Sue Lincoln

Much attention has been paid to the Governor’s race, but who will become the proverbial “one heartbeat away” from Louisiana’s chief executive?

Republican Billy Nungesser and Democrat Kip Holden are the runoff contenders for the job, which duties focus primarily on tourism. Monday, at the Baton Rouge Press Club, each was asked about his goals for the first term, if elected.

Nungesser said he’ll focus on, “Putting a plan together to restore our historical sites, our museums, and growing tourism ten percent a year over the next four years, creating thousands of jobs and economic growth.”

Holden has a different take on the job’s responsibilities.

How Jindal Will Confront Budget Shortfall

Nov 19, 2015
Wallis Watkins

Governor Jindal is back in Louisiana after announcing the end of his presidential campaign on Tuesday. He addressed the press Wednesday at the Governor’s Mansion. 

Wallis Watkins

“This is not my time.”

With those words, Louisiana Governor Bobby Jindal has ended his quest for the White House, a campaign that began with a rally in Kenner on June 24th.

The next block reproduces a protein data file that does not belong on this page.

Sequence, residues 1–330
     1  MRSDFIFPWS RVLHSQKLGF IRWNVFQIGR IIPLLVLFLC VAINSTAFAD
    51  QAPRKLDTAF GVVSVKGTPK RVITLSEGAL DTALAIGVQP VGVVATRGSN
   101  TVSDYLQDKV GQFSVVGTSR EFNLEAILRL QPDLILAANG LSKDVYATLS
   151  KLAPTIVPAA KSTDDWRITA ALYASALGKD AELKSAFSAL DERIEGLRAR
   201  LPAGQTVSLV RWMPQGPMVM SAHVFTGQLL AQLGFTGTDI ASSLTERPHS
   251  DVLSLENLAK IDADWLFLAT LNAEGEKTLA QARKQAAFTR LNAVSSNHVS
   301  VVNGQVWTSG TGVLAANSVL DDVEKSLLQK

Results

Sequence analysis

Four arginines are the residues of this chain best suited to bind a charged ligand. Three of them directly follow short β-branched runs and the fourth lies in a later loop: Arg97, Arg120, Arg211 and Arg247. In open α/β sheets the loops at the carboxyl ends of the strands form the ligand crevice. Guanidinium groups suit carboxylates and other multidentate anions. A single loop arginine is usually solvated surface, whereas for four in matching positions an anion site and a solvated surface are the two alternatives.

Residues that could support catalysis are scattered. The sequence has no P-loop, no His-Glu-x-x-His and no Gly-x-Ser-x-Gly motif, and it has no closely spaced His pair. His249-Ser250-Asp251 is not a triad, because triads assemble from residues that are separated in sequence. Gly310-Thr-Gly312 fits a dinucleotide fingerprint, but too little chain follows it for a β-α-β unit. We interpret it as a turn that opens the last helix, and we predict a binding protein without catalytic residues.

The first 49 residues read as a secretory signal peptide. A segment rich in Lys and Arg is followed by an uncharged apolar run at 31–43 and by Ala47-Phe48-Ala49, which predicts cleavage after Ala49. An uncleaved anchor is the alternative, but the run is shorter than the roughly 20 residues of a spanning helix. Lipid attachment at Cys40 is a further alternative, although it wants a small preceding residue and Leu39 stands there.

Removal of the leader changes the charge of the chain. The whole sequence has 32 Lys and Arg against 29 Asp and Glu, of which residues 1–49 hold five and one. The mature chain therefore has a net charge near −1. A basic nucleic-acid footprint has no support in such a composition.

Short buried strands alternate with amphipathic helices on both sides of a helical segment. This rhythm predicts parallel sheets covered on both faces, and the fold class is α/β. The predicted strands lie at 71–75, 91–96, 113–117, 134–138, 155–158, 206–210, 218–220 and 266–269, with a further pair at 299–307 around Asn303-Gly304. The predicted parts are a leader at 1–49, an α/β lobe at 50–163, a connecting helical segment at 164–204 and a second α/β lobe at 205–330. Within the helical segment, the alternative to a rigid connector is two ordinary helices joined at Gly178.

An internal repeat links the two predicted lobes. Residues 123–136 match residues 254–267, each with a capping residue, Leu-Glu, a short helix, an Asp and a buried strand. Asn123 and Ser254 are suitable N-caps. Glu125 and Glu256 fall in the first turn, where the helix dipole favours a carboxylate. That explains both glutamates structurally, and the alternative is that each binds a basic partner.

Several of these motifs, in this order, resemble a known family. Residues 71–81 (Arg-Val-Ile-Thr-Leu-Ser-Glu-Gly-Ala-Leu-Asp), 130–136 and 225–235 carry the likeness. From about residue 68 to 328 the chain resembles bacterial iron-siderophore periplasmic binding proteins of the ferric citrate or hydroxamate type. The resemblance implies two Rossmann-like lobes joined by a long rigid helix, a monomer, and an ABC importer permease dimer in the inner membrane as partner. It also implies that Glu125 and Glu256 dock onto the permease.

“My name is Bobby Jindal,” he declared then, to cheers from the crowd. “I am governor of the great state of Louisiana, and I am running for President of the greatest country in the world—the United States of America!”

Last evening, Jindal’s announcement was much quieter, given during a one-on-one with Bret Baier on Fox News.

S. Lincoln: screenshot from debate broadcast

The Revenue Estimating Conference met Monday, acknowledging oil and gas prices, sales tax and corporate tax collections are far below what was anticipated.

Legislative fiscal analyst Greg Albrecht summed it up, saying, “We’re a long way from hitting the total forecast.”

The state is $370-million away, in the current fiscal year.  The biggest hole is created not by oil prices, but by corporate taxes. The explanation offered was businesses had rushing to claim tax credits before legislative reductions kicked in.

Dr. David Sathiaraj

For many watchers of political races, it’s a numbers game. Dr. David Sathiaraj, Assistant Professor for Research in Geography and Anthropology at LSU, thinks there’s a better way to crack those numbers.